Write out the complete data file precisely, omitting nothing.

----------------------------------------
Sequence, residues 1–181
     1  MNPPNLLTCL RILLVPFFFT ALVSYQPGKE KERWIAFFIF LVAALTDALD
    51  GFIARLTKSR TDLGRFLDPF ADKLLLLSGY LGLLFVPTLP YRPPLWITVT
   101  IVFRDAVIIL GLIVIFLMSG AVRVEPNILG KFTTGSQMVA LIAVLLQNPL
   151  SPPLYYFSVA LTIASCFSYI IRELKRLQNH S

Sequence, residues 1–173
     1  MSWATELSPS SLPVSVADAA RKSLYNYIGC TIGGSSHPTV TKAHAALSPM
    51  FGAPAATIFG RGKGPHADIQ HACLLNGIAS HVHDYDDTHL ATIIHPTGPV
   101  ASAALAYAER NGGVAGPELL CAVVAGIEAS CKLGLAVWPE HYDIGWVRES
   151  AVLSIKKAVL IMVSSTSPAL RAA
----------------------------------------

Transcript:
Sequence, residues 1–181
     1  MNPPNLLTCL RILLVPFFFT ALVSYQPGKE KERWIAFFIF LVAALTDALD
    51  GFIARLTKSR TDLGRFLDPF ADKLLLLSGY LGLLFVPTLP YRPPLWITVT
   101  IVFRDAVIIL GLIVIFLMSG AVRVEPNILG KFTTGSQMVA LIAVLLQNPL
   151  SPPLYYFSVA LTIASCFSYI IRELKRLQNH S

Sequence, residues 1–173
     1  MSWATELSPS SLPVSVADAA RKSLYNYIGC TIGGSSHPTV TKAHAALSPM
    51  FGAPAATIFG RGKGPHADIQ HACLLNGIAS HVHDYDDTHL ATIIHPTGPV
   101  ASAALAYAER NGGVAGPELL CAVVAGIEAS CKLGLAVWPE HYDIGWVRES
   151  AVLSIKKAVL IMVSSTSPAL RAA